There are probably a lot of mixed feelings on whether your co-workers should be your friends. I am here to say a resounding yes, with a grain of salt tossed in there. Some of my closest friends have been my co-workers. After all, you’re spending more time with them than your family in most cases.
It is natural to become friendly with your cube mates or those you work closely with on a daily basis. You may bond over the fact that you’re working on a project together, you are both on the same team, you find out over time that you have a lot in common, you dislike all the same co-workers, you volunteer for the same work functions and so on. You go out to a couple lunches or go out for after work drinks and voila, you are now friends.
I believe there are also levels of work friends. There are those that are strictly work friends, meaning you only talk at work, maybe have lunch or catch up occasionally. Then there are after work friends who you may get together with after work, or for birthdays, whom you may instant message periodically. Then there are close friends who happen to be co-workers who you text with regularly and make a point to check-in with daily. You also get together outside of work functions with your families.
What Are the Pros?
There are times when you want a close friend at work for a multitude of scenarios. You are running late and need someone to cover for you by saying they saw you just a moment ago but don’t know where you went off to. Or you have a bathroom emergency and need to text SOS to your co-worker to bring you some Ibuprofen or feminine supplies. You can openly raid their candy stash at any time because that’s what friends are for. You can bounce work ideas of that person. You can ask them for advice when it comes to a certain person you both work with. You also want to have a support system if you’re having a bad day and just need to vent. Along these lines, if you and your co-worker are both having bad days because of a cranky boss or a project gone wrong, and you can commiserate together.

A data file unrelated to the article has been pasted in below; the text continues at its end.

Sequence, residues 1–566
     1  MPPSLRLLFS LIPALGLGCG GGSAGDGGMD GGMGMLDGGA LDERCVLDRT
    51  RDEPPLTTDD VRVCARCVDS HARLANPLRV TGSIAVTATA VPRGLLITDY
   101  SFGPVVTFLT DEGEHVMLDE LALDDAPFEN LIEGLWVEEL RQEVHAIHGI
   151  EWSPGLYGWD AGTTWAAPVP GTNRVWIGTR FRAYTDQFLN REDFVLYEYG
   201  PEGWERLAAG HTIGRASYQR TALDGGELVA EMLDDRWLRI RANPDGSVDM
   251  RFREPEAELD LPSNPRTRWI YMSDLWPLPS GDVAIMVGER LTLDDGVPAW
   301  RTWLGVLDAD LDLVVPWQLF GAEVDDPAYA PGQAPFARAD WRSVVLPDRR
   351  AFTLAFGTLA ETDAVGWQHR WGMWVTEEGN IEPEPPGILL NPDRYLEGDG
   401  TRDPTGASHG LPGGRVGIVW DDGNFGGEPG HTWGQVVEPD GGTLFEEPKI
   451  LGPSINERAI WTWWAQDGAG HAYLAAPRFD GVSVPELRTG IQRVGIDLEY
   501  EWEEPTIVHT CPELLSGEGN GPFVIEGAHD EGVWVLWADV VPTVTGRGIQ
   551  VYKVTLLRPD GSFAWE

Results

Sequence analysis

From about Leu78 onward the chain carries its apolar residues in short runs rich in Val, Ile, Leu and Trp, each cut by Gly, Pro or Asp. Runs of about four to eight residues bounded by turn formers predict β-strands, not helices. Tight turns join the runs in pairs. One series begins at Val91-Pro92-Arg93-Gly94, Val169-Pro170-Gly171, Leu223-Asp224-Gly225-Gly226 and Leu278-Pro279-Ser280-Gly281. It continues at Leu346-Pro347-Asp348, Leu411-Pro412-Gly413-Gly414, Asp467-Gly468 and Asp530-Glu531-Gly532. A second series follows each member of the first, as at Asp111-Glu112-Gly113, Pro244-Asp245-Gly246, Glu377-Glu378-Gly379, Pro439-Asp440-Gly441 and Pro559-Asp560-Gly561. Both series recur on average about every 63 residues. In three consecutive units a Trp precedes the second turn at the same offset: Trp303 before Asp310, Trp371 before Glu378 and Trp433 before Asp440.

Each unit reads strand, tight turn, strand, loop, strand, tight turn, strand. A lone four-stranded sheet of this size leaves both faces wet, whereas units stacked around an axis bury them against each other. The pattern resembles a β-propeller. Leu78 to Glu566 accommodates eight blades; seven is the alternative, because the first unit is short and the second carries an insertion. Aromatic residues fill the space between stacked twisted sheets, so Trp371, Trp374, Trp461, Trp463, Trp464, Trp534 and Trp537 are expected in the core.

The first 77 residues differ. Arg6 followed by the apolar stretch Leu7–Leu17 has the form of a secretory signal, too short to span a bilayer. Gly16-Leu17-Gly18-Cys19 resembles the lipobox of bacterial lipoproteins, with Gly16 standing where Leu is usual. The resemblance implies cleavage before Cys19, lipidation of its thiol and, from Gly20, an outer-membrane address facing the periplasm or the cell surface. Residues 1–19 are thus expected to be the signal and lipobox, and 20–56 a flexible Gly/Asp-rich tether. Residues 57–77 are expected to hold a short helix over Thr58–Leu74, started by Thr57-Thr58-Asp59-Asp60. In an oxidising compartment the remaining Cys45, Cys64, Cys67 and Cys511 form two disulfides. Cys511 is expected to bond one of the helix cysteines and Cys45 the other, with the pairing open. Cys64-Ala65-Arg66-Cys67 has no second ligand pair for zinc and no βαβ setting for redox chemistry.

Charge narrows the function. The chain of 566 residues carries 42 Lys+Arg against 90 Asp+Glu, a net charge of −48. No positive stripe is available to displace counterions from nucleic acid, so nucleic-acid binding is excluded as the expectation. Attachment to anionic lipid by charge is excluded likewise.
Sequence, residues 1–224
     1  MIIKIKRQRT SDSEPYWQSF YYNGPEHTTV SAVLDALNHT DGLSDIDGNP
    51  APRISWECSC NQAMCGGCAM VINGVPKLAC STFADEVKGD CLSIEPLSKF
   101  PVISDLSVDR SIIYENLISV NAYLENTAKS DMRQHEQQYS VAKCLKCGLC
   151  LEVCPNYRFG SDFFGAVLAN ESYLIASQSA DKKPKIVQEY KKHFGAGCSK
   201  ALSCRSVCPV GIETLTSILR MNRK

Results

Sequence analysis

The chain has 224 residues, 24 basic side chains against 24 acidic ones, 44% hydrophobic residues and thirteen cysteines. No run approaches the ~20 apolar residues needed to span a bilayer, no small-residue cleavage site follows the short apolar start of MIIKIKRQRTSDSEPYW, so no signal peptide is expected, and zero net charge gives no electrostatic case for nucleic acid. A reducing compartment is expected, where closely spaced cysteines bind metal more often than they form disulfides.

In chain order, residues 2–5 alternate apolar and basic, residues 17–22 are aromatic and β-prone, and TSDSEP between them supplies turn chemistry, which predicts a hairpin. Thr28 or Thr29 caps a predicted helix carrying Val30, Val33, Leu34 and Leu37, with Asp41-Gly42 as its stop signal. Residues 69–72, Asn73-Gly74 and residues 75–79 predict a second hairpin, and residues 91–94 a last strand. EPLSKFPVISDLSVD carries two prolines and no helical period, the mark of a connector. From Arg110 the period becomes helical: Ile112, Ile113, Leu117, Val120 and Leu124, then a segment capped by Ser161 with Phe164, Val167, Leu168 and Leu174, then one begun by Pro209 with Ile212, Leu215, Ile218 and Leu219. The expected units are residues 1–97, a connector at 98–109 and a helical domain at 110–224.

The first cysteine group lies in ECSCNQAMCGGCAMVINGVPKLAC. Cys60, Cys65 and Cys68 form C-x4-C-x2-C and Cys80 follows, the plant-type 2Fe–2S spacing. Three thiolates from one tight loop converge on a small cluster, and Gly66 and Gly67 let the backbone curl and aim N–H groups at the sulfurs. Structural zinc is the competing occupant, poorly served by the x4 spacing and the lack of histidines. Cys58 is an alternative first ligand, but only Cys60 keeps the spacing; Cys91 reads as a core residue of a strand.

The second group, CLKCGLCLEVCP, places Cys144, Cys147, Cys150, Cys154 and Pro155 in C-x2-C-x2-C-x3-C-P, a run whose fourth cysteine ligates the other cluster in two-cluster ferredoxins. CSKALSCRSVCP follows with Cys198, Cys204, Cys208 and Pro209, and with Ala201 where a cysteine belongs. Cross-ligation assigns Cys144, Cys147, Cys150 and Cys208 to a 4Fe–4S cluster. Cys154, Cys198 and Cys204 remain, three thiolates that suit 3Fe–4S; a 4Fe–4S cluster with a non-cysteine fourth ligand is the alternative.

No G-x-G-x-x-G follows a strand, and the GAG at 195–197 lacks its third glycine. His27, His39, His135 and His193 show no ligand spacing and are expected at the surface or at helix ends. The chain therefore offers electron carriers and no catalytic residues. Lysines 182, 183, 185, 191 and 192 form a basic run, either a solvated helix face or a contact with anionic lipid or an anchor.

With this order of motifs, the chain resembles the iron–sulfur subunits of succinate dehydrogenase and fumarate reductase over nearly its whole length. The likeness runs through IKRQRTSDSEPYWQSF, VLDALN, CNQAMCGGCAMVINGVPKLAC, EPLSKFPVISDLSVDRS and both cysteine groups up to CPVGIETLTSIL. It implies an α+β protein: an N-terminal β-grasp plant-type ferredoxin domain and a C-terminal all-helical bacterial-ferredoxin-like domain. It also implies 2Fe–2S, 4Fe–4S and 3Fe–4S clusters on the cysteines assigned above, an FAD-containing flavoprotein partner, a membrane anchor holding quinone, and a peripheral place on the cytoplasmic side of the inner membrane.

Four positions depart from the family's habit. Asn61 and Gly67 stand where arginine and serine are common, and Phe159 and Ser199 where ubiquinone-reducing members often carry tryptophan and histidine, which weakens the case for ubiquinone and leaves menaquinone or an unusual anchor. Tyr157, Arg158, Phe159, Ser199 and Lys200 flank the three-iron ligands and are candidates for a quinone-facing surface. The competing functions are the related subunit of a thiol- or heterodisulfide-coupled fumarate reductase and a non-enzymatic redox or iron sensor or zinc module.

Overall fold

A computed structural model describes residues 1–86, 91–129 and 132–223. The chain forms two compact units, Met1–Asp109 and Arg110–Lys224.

Conversely, you also want that cheerleader in your corner who you can humbly brag to after a job well done. You can have someone to go on walks with during lunch. You can coordinate office pranks. You can have someone to go to lunch with. You may even need a ride to work one day. You are also less likely to leave a job you enjoy with people you enjoy. And ultimately, with friends at work, work is a lot more fun! I realize this all sounds rather co-dependent, but they are co-workers for a reason and I stand by my belief that you need at least one good friend at work.
What Are the Cons?
I will include some cons in here for those that would disagree with me. If your co-worker pal is senior to you or vice versa, or if they are your direct boss, things could get tricky if there’s a situation where one of you has to be disciplined by the other. You or they may also feel they do not have to respect the other’s authority because you are friends. Other employees might assume favoritism. If you have a small office staff, and something goes awry with the friendship it will cause awkwardness and most likely a choosing of sides among the rest of the staff. It is also difficult to keep secrets from them, even when you know something at work is confidential information. In addition, if you’re too social, you may not be getting your work done and your productivity tanks.
On the flip side, others may feel that you are only there to work and not to make friends and that is okay too.
My one caveat to all this is that you want to be careful who you trust. You can have co-worker friends who you still keep at a distance but are friendly with. You do not tell them everything. You do not share salaries, how you are vying for a promotion, or spreading gossip like crazy. I have seen people get burned because they trusted the wrong person and overshared, and it backfired. If a person gossips regularly about people you know, you better assume you are being gossiped about as well. Wait to establish your relationships before spilling your guts. You just never know.
People can be very different outside of work. My other rule is to not be friends with current co-workers on social media. There is just too much potential drama there, and better for everyone to avoid it. Instagram would be one possible exception, but again, keep in mind, what you post could potentially be used against you in a work situation if it turns out that friend is not so great of a friend.
At the end of the day, you are at a job to work, but why not make it a little more fun if you can?
Jennifer spends time with her son, her parrot, writing, Netflix, art, and hikes are among her favorites. She has a career in marketing as well is a personal assistant, and founder of Lark Designs.